The Fed’s Yellen plays Santa Claus for Wall Street
Washington (Dec 20) It was a week before Christmas Eve and the light from the first night’s Hanukkah candles had faded. But on Wall Street the mood was gloomy after stocks had had their worst week in three years.
Just when it looked as if the Grinch had swiped this holiday season, along came Federal Reserve Chair Janet Yellen bearing gifts for all the good little girls and boys.
Wednesday’s announcement by the rate-setting Federal Open Market Committee that it can be “patient” in deciding when to start raising interest rates again was followed by a press conference in which Yellen said the Fed would not raise rates until after “a couple of meetings” in 2015.
That could mean as early as April, but investors interpreted it to mean at least by June, and they proceeded to back up the truck and buy stocks.
The Dow Jones Industrial Average gained more than 700 points in three days and the S&P 500 Index rallied 5%. That’s almost, but not quite, back to where it was when the sell-off started nearly two weeks ago.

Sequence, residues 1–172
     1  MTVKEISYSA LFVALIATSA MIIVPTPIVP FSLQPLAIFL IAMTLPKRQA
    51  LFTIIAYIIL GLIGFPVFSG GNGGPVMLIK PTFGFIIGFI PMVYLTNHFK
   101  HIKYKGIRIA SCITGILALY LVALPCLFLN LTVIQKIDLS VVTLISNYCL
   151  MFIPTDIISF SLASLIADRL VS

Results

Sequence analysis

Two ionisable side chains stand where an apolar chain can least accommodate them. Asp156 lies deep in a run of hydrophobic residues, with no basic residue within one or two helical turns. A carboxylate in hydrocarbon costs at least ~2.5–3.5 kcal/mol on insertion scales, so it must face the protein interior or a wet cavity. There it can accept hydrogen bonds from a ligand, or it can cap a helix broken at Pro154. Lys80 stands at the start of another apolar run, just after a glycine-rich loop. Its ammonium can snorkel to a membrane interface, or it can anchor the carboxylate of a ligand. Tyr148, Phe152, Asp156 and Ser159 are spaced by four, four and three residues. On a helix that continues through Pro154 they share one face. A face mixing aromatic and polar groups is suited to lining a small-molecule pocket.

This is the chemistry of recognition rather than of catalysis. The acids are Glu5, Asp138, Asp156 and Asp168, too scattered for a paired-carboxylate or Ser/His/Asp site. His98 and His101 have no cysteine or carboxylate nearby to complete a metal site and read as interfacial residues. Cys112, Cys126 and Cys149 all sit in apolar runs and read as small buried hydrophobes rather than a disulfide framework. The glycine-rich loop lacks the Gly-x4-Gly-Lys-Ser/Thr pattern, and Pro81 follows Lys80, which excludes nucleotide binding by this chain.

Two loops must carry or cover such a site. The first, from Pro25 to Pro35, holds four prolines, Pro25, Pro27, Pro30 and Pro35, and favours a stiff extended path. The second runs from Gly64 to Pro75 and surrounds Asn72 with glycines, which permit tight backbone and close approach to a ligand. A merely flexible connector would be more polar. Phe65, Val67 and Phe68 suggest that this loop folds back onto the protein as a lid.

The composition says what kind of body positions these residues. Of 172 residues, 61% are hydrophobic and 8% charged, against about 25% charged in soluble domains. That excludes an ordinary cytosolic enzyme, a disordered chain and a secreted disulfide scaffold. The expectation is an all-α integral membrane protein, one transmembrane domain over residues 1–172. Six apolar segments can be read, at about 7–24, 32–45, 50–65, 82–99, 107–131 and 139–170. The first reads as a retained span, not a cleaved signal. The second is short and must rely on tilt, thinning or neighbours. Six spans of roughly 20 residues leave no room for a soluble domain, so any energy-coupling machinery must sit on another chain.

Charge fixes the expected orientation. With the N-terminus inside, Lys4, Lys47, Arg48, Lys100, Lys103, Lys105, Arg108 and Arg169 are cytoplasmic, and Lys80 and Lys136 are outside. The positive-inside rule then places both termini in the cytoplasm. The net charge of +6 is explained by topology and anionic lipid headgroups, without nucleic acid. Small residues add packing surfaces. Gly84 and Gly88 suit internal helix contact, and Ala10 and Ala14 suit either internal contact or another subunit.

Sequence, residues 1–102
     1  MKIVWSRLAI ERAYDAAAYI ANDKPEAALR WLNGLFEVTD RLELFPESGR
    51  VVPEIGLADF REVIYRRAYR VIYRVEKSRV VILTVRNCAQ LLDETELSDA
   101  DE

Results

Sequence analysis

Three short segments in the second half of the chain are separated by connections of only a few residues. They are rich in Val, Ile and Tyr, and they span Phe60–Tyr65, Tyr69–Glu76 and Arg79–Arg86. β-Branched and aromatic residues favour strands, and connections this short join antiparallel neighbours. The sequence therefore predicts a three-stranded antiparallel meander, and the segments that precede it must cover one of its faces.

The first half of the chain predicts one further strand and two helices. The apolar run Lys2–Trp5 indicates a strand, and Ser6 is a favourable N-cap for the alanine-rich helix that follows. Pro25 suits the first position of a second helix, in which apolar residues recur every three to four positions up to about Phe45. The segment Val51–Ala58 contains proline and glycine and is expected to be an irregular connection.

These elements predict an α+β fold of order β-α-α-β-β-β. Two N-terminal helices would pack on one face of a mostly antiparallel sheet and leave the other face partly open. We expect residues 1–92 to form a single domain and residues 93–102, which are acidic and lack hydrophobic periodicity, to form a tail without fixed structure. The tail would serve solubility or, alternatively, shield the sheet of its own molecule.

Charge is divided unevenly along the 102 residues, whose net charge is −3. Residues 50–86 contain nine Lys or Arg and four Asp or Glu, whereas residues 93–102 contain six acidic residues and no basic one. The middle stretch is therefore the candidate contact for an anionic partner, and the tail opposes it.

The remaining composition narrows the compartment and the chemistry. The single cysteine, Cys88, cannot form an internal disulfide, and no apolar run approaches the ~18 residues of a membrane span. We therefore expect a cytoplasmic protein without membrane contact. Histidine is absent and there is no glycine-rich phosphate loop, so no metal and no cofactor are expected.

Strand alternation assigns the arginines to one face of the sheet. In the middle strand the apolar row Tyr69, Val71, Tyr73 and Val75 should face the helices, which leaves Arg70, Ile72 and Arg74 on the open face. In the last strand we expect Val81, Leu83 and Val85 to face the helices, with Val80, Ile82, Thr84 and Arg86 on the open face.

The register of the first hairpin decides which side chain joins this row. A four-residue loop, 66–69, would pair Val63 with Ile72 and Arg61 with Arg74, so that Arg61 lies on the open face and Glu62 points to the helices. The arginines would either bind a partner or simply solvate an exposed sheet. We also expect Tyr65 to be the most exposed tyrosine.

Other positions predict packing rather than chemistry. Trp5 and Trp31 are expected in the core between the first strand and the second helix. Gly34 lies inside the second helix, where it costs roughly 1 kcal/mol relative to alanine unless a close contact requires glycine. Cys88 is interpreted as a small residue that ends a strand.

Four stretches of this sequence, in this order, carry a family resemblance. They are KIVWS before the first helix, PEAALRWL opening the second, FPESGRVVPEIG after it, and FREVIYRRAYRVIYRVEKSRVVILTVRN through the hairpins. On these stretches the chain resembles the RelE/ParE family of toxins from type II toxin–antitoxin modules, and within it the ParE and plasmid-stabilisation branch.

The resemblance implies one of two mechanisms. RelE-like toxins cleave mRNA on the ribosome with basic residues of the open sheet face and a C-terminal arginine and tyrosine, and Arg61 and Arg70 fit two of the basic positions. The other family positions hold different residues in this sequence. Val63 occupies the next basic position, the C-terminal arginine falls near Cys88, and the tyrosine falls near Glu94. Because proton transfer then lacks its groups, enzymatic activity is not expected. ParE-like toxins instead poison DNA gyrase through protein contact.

So, can this Santa Claus rally last?
I think so, at least into the New Year. As I wrote last week, ’tis the season for end-of-year rallies. This one arrived Dec. 17 — technically a week before it usually begins — but hey, who’s counting?
The causes are the same every year. From November on, big institutions and wealthy individuals unload their losing stocks to offset their gains and reduce their tax liabilities, particularly in good years like 2014. Opportunistic investors jump into the breach to buy up depressed shares and others that were collateral damage.
But when this triggers market rallies, big institutions like mutual funds pile on and buy the big winners, too, to show their shareholders they’re in the right stocks. They call that “window dressing.”
Also, this year, the markets initially sold off on extreme weakness in crude oil prices as investors feared that it signaled global economic weakness rather than a market-share grab by Saudi Arabia. But Brent crude appears to have stabilized for now above $60 a barrel. If it can stay there, the markets will view it as the best of both worlds.
The U.S. economy still looks strong — head and shoulders, in fact, above most other developed countries. But as GDP growth in Europe, Japan and even China weakens, we’ll find out whether we can continue to be an island of stability and growth.
In the meantime, investors should enjoy Yellen’s holiday gifts. The Fed’s track record as a great market timer — or market maker — remains intact.